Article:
Oracle Corp. (ORCL) - Get Report shares opened at a record high Thursday after the business software group said its first quarter earnings would likely beat forecasts following a solid end to its 2019 fiscal year.

Oracle said first quarter earnings would likely come in between 80 and 82 cents per share, just head of Street forecasts, following a fourth quarter earnings report that included a stronger-than-expected 1% increase in sales to $11.14 billion an in-line GAAP earnings of $1.07 per share.

Oracle said a push further into cloud-linked sales, as well as new products such as its Autonomous Database and Fusion Applications, drove both fourth quarter sales and the better-than-expected first quarter outlook. Fourth quarter cloud revenues rose to $6.8 billion, while hardware sales fell 11% to $994 million.

 "In Q4, we saw a surge in database license sales. We also saw very rapid growth in sales of those database options required to run our autonomous database," chairman Larry Ellision told investors on a conference call late Wednesday. "We continue to gain overall database market share as we migrate our database users to the cloud."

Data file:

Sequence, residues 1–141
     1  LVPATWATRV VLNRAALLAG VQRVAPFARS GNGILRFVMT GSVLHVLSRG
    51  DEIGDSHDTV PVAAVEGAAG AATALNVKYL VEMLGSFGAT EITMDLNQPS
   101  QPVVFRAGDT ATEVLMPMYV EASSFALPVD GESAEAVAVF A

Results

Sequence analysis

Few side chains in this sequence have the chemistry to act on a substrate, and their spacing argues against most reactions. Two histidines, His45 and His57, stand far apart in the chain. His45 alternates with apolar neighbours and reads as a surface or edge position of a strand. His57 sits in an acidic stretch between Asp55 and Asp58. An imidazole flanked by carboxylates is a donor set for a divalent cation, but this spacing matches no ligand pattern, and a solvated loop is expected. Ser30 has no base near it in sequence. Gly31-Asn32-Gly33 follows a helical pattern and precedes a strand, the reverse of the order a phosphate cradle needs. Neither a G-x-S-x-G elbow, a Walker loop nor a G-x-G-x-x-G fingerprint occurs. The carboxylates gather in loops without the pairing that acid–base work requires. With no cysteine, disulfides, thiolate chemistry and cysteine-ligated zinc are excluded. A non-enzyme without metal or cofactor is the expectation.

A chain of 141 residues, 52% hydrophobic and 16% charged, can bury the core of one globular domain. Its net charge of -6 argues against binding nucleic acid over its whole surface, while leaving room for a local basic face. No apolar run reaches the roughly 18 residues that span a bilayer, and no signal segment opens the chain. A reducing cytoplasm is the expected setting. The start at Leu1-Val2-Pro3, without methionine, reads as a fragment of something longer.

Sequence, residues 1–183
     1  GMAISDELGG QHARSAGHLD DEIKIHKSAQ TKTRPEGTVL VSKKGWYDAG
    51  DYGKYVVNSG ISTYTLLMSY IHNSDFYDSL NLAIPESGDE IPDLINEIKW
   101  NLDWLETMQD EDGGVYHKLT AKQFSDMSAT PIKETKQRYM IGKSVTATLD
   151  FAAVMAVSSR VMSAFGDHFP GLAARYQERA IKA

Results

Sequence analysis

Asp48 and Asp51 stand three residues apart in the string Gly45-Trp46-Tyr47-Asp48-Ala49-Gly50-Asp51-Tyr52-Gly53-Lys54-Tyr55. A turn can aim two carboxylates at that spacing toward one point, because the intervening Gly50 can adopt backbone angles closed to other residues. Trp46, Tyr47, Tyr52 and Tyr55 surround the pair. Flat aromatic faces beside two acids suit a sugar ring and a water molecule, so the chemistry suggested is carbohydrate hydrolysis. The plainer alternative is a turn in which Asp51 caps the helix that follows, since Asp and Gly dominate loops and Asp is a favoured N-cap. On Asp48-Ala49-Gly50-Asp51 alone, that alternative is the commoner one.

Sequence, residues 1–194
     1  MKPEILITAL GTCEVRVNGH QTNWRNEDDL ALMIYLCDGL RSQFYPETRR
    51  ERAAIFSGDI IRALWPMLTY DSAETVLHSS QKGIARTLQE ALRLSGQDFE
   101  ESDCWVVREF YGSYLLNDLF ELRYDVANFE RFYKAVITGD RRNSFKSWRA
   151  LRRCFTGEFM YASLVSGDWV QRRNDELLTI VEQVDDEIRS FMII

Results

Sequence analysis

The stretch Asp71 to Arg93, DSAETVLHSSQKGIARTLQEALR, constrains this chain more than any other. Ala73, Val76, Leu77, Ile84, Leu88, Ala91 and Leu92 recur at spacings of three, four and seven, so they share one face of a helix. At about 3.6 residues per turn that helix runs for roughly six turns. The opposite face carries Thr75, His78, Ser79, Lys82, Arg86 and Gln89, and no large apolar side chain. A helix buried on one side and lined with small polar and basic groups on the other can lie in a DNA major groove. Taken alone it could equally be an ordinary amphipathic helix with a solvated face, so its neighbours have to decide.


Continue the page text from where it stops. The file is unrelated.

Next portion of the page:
"Hot new products, like autonomous database, Fusion cloud application suite, NetSuite are selling really well and that's very accelerating. They're doing extremely well," Ellision said. "Quite frankly, we have some other product lines that we're quite naturally downsizing, like some of the acquired kind of hardware. So yeah, there are some of our businesses that are not, if you will, hot. But the good news is, the hot businesses are now bigger than the not so hot businesses, and that's determining our future."

Oracle shares were marked 7.53% higher Thursday to change hands at an all-time high of $56.67 each, a move that would extend the stock's year-to-date gain to around 26%.

"Oracle delivered a solid quarter, particularly when measured against a backdrop of investor concern about on-premise spending. However, the composition of the upside was driven by Infrastructure, which benefited from an easy comparison, while application growth decelerated," said BMO Capital Markets analyst Keith Bachman. "Given Oracle's inconsistent performance over the past few years, we remain on the sidelines with a Market Perform rating though we raise our target price to $59."

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